Small comfort

One of the scariest parts of climate science is that various amplifying feedback effects that have come into play, and will do so more as the planet continues to warm. These feedbacks are almost certain to both accelerate the warming of the planet, and to make it continue long after humans have reduced or eliminated our societal carbon emissions. These amplifying feedbacks are why we know that barring nigh-miraculous new technology to pull carbon out of the atmosphere, the planet will continue warming for generations to come.

Fortunately, amplifying feedbacks are not the only responses to a warming climate. One suppressing feedback I heard about a while back is from the increasing number of icebergs breaking off the Antarctic and Greenland ice sheets as they melt into the ocean. The icebergs have a fertilizing effect on the water around them, increasing algal growth, and pulling CO2 out of the atmosphere. It’s not much, but as long as we’ve got ice sheets falling into the ocean, it’s going to keep capturing just a little more CO2 than would be captured without them.

New materials from NASA indicate that, as expected, the warming of the Arctic has had a “greening effect” on northern land masses. This means more photosynthesis, which means more CO2 being captured and stored as plant matter. It’s not clear how big of an effect this will end up being, or how it will compare to loss of primary productivity in other areas due to drought, but it will be some help in slowing the increase in greenhouse gas levels from a thawing, rotting permafrost, and so it will buy us just a little bit more time to get our act together.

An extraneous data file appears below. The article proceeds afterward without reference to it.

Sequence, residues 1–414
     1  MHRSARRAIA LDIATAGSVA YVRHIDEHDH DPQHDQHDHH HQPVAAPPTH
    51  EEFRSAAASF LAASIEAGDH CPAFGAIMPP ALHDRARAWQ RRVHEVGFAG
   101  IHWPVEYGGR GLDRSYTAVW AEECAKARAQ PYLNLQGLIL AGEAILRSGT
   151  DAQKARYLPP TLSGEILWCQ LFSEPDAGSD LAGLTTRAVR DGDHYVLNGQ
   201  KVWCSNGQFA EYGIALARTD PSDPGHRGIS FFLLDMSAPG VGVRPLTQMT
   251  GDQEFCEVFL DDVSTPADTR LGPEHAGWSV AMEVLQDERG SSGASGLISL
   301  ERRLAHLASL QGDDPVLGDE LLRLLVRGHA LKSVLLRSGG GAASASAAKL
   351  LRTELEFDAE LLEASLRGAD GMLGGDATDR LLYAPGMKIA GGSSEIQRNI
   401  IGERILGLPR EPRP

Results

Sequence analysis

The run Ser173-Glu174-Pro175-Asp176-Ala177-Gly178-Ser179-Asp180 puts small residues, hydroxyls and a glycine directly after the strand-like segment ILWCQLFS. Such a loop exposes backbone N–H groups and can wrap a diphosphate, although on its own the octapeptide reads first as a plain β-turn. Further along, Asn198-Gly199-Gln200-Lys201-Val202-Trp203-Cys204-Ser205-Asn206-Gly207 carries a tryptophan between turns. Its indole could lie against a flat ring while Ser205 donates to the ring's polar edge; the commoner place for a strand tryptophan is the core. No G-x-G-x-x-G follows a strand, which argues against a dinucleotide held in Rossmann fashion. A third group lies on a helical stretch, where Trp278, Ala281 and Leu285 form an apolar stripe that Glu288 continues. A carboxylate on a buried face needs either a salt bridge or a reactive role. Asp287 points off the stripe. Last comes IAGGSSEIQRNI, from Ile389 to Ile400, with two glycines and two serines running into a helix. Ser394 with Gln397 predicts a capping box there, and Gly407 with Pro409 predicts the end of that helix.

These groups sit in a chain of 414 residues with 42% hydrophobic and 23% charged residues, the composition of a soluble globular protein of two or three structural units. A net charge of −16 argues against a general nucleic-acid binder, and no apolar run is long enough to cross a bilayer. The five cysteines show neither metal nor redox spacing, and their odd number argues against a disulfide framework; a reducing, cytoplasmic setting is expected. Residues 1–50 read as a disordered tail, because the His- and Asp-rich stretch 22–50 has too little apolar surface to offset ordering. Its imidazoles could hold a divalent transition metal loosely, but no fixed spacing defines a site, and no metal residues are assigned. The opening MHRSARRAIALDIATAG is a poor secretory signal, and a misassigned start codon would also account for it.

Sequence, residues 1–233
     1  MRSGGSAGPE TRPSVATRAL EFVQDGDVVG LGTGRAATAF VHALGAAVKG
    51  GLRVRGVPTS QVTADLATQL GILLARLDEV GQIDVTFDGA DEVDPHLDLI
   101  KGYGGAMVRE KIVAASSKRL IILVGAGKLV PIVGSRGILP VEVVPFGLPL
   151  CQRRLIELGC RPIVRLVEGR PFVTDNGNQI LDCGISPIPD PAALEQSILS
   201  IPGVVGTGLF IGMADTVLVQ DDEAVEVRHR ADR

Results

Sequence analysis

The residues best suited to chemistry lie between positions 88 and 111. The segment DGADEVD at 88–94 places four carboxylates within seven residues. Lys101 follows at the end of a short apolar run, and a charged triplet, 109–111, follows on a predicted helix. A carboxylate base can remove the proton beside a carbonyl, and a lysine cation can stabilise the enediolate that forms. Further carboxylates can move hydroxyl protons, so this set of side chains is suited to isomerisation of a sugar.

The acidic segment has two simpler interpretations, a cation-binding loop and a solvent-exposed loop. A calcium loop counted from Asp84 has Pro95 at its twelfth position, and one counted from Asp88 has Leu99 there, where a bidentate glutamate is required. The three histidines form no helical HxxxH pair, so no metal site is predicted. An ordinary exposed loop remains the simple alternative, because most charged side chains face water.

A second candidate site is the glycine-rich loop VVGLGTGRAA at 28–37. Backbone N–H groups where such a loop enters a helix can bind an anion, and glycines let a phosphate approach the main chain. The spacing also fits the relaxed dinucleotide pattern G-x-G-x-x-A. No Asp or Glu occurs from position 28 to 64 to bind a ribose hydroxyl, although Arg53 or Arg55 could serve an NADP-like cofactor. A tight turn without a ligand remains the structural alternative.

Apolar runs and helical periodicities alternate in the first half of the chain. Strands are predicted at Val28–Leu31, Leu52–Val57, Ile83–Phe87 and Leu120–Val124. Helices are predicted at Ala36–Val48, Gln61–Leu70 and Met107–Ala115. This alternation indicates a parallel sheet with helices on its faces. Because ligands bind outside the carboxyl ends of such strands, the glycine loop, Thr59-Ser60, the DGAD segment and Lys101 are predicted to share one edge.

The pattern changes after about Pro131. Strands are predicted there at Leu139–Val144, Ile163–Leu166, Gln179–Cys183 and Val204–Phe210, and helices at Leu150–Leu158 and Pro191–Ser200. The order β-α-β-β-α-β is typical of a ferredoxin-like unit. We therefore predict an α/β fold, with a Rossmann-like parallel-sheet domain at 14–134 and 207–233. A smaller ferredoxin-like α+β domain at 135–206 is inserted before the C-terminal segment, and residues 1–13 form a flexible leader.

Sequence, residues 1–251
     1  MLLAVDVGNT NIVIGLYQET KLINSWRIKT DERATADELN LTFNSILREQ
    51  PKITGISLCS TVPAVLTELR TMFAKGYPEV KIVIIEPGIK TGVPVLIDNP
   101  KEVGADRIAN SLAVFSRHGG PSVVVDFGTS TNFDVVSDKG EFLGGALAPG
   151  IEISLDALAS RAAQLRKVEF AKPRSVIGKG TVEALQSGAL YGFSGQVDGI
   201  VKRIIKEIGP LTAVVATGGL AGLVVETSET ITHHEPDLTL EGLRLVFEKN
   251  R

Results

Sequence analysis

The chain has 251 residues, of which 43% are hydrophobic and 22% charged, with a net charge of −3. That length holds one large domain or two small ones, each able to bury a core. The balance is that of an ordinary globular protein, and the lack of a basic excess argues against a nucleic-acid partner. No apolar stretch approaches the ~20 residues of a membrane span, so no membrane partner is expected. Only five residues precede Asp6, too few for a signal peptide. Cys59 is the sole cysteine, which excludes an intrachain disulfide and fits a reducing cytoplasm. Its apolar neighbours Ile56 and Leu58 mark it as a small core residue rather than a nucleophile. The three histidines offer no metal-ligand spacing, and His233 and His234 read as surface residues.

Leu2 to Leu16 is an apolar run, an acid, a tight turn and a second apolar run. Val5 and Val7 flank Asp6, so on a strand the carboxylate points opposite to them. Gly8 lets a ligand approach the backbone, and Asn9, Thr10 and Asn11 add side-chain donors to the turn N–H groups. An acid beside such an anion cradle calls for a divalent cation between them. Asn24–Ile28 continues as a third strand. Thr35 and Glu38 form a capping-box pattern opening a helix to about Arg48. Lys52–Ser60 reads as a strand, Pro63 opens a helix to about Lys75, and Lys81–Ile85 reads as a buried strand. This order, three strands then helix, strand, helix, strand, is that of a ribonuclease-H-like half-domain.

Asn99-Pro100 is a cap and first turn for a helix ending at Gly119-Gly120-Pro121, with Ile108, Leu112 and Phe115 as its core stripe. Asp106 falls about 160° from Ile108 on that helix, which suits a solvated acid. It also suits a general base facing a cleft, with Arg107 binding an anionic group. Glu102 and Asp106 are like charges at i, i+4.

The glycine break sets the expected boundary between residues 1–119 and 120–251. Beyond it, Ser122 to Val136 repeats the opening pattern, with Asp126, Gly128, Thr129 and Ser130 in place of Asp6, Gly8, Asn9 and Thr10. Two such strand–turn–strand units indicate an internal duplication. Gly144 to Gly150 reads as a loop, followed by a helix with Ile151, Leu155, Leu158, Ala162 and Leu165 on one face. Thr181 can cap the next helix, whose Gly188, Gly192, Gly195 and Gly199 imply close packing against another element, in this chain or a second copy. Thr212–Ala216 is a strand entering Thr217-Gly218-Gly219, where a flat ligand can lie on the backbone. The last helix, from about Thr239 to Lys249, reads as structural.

Image shows a satellite representation of Canada and Alaska, with some areas shaded in green, particularly in northern Canada. Some areas are also shaded brown. The green indicates an increase in plant growth, and the brown indicates a decrease.

Using 29 years of data from Landsat satellites, researchers at NASA have found extensive greening in the vegetation across Alaska and Canada. Rapidly increasing temperatures in the Arctic have led to longer growing seasons and changing soils for the plants. Scientists have observed grassy tundras changing to scrublands, and shrub growing bigger and denser. From 1984-2012, extensive greening has occurred in the tundra of Western Alaska, the northern coast of Canada, and the tundra of Quebec and Labrador.
Credit: NASA’s Goddard Space Flight Center/Cindy Starr


  1. StevoR says

    Small comfort indeed. The last gifts of dying ice. It won’t buy us much time will it?

    We’ve already had – and wasted so much time. We still are, sadly,

    Still, this is something and is good news.

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